The Endogenous Hormones and Prostate Cancer Collaborative Group is described in detail elsewhere (7). In brief, the group invited principal investigators of all studies, found by searching PubMed, Web of Science, and CancerLit, that provided data on circulating concentrations of sex steroids, IGFs or IGFBPs, and prostate cancer risk by using prospectively collected blood samples to join the collaboration. Thirteen studies collected data on circulating IGF concentrations and the subsequent risk for prostate cancer (5, 6, 8-20), of which 1 contributed only data on sex hormones (20). Eleven of the studies used a matched case-control design nested within a prospective cohort study (5, 6, 8-12, 16, 19) or a randomized trial (13-15, 17). One study used a case-cohort design (18) and was converted into a matched case-control design by randomly matching up to 3 control participants to each case patient by age at recruitment, time between blood collection and diagnosis, time of blood draw, and race. (Table 1 provides a full description of the studies and matching criteria used.) Most of the prospective studies were population-based, with the exception of 1 based on health plan members (9), 1 that recruited male health professionals (16), and 1 that was a combination of an intervention study and a monitoring study for cardiovascular disease (6, 10). Two of the randomized trials did not have prostate cancer as a primary end point (5, 8, 15); the other 2 were based within a screening trial (13) or were about treatment of prostate-specific antigen (PSA)-detected prostate cancer (14).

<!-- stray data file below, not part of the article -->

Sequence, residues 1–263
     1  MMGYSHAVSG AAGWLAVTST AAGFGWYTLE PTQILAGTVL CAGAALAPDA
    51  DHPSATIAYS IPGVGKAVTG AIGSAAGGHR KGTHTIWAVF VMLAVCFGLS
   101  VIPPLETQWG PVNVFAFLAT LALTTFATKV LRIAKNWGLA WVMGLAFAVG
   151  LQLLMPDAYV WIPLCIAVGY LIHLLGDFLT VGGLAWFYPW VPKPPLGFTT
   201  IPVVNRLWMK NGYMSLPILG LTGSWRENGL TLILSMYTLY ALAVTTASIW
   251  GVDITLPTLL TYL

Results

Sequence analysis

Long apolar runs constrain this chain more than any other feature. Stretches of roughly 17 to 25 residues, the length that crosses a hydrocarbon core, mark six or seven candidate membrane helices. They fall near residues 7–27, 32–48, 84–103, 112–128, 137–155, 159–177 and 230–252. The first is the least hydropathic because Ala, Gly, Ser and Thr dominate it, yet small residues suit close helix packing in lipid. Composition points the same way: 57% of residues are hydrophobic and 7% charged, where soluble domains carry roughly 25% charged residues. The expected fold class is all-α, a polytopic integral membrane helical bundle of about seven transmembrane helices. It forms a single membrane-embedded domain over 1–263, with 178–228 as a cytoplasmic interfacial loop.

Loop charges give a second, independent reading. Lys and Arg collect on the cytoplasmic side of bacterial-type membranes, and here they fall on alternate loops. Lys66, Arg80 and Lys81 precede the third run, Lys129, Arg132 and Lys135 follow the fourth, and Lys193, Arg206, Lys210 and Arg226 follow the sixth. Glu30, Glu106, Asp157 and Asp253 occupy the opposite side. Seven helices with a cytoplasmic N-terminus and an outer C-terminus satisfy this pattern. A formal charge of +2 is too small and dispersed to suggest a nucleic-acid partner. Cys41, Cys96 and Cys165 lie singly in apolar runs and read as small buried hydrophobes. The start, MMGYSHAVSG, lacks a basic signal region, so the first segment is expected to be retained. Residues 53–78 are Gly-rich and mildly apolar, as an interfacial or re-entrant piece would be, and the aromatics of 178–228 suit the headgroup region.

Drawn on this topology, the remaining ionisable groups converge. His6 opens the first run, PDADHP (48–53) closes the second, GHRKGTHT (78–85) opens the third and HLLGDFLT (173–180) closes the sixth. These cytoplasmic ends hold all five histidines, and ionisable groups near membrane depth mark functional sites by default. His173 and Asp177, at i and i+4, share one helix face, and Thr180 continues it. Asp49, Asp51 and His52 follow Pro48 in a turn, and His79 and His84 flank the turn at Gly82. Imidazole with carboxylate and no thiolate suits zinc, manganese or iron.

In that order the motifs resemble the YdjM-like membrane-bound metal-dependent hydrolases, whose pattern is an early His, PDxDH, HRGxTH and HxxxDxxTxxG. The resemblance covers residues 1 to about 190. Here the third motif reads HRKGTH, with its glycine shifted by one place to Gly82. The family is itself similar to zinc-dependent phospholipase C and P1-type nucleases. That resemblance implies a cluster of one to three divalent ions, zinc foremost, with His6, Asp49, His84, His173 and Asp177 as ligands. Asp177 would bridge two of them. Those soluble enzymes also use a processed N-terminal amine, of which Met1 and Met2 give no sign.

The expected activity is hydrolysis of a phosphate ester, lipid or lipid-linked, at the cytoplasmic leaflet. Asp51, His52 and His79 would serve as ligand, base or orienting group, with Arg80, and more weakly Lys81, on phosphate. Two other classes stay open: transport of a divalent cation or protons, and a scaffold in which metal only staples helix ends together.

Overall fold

Individual participant data were available for age; height; weight; smoking status; alcohol consumption; marital status; socioeconomic status (assessed by educational achievement); race; concentrations of IGFs, IGFBPs, and endogenous sex steroids; and PSA level. Information sought about prostate cancer included date of diagnosis, stage and grade of disease, and method of case patient ascertainment.
Some studies (5, 6, 8, 10, 16) published more than 1 article or performed assays at different times on the association between IGFs and prostate cancer risk, sometimes with different matched case-control sets, laboratory measurements, and durations of follow-up. For each study, we created a single data set in which each participant appeared only once. In our analysis, we treated any participant who appeared in a study as both a control participant and a case patient as a case patient only. We removed matched set identifiers, and we generated a series of strata (equivalent to matched sets) in which participants in each study were grouped according to age at recruitment (2-year age bands) and date of recruitment (by year), because these matching criteria were common to most studies (Table 1). The number of strata used in the collaborative analysis was slightly less than that of matched sets used in the original analyses. To ensure that this process did not introduce any bias, we checked that the results for each study, using the original matched sets, were the same as those using the strata described above.
Tumors were classified as advanced if the tumor was described as extending beyond the prostate capsule (T3/T4), and/or there was lymph node involvement (N1/N2/N3), and/or there were distant metastases (M1); tumors were classified as localized if they were T0/T1/T2 and N0/NX and M0. We classified tumors as high-grade if they had a Gleason score of 7 or more or were moderately poorly or poorly differentiated; otherwise, they were classified as low-grade.